A BBC News website report headlined “US museum Dead Sea Scroll collection found to be fakes” which was first published on the ‘US & Canada’ page on March 16th now also appears on the ‘Middle East’ page.
Readers of that article are told that:
“The scrolls are a set of ancient manuscripts of the Hebrew Bible.
The first of the scrolls were found in caves in Qumran on the western shore of the Dead Sea in 1947. They were reportedly first discovered by a young Bedouin shepherd searching for lost sheep. Their discovery is considered to be among the most significant archaeological finds in history.
The majority are held in a collection by the Israeli government.” [emphasis added]
“The first seven Dead Sea Scrolls were discovered by chance in 1947 by Bedouin of the Ta’amra tribe, in a cave (later given the name “Cave 1”) near Khirbet Qumran on the northwest shore of the Dead Sea. Three of the scrolls were immediately purchased by archaeologist Eliezer Lipa Sukenik on behalf of the Hebrew University; the others were bought by the Metropolitan of the Syrian Orthodox Church in Jerusalem, Mar Athanasius Samuel. In 1948 Samuel smuggled the four scrolls in his possession to the United States; it was only in 1954 that Sukenik’s son, Yigael Yadin, also an archaeologist, was able to return them to Israel, and they were ultimately entrusted to the Shrine of the Book Foundation. They have been on display in the Shrine of the Book at The Israel Museum, Jerusalem, since 1965.
Over the next few years, from 1949 to 1956, additional fragments of some 950 different scrolls were discovered in ten nearby caves, both by Bedouins and by a joint archaeological expedition of the École Biblique et Archéologique Française and the Rockefeller Museum, under the direction of Professor Father Roland de Vaux. The richest yield, from Cave 4, just opposite the site of Qumran, consisted of some 15,000 fragments. The last cave, Cave 11, was discovered in 1956, and the scrolls found there were in a reasonable state of preservation. Since then, only a few small scraps of parchment have been found in the Judean Desert (though not in the close vicinity of Qumran).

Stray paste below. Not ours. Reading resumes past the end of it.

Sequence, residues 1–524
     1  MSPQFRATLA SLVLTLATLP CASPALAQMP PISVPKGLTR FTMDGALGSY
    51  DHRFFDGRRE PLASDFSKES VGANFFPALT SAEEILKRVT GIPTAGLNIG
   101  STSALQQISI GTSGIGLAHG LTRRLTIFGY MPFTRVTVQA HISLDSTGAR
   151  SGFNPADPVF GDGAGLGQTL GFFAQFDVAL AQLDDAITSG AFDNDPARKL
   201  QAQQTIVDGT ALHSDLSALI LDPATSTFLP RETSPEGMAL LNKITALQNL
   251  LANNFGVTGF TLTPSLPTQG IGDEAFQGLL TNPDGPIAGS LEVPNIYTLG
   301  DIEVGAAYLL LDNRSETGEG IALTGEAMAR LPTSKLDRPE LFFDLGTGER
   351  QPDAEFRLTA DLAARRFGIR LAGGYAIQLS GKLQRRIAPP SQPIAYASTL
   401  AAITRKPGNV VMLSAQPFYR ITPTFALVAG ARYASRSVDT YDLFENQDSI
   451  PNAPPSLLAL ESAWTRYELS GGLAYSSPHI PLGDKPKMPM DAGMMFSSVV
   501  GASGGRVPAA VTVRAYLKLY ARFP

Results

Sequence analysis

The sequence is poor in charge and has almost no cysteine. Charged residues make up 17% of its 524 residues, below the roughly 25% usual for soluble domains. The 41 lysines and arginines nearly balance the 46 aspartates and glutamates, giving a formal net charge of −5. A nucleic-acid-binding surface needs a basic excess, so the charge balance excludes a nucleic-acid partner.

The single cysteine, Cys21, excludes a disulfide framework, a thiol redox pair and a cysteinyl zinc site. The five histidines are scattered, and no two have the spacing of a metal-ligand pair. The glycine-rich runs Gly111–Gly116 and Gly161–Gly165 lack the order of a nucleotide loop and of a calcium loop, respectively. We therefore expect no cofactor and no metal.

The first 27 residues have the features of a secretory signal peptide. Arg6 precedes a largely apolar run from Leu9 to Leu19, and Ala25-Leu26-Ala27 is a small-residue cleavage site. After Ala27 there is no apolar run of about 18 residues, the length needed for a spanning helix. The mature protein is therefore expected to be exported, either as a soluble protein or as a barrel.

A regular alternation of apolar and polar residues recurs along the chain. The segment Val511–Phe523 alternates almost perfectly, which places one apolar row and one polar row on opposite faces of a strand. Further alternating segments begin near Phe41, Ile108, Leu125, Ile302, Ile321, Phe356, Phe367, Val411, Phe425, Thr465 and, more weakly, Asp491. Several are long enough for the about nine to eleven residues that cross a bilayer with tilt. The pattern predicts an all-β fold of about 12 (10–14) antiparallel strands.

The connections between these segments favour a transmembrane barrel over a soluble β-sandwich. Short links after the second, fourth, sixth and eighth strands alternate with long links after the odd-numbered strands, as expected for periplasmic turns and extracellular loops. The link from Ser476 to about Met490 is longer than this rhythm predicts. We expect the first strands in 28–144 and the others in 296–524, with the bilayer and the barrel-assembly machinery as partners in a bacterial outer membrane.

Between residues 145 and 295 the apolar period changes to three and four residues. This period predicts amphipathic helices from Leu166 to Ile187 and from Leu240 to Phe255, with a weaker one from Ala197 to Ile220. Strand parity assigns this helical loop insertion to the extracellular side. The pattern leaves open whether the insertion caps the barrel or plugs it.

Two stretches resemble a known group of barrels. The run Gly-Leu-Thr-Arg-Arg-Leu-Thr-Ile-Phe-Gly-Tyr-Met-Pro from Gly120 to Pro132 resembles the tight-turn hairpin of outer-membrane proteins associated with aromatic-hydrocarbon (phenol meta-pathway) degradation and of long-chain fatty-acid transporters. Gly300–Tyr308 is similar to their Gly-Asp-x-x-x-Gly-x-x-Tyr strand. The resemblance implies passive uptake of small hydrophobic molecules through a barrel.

Apart from the first seven scrolls, which are entrusted to the Israel Museum, the majority of the fragments found by archaeologists and Bedouin are property of the Israel Antiquities Authority (IAA). Others are in the possession of institutions outside of Israel, such as the Jordan Archaeological Museum in Amman and the Bibliothèque Nationale de France in Paris, or in private hands (the Schøyen Collection, Norway).” [emphasis added]
The Israel Antiquities Authority (founded in 1990) is a partly government funded body which is classified as an independent government authority and which is responsible for implementing the 1978 Antiquities Law which states that:
“When an antiquity is discovered or found in Israel after the coming into force of this Law, it shall within boundaries fixed by the Director become the property of the State.”
So where did the BBC get the idea that “[t]he majority [of the scrolls] are held in a collection by the Israeli government” rather than by the Israel Antiquities Authority?
Perhaps the answer to that question can be found in the Wikipedia entry for the Dead Sea Scrolls which states:
“Almost all of the Dead Sea Scrolls are currently in the collection of the Government of the State of Israel…”
Apparently the BBC journalist who wrote this report does not understand the difference between government and state.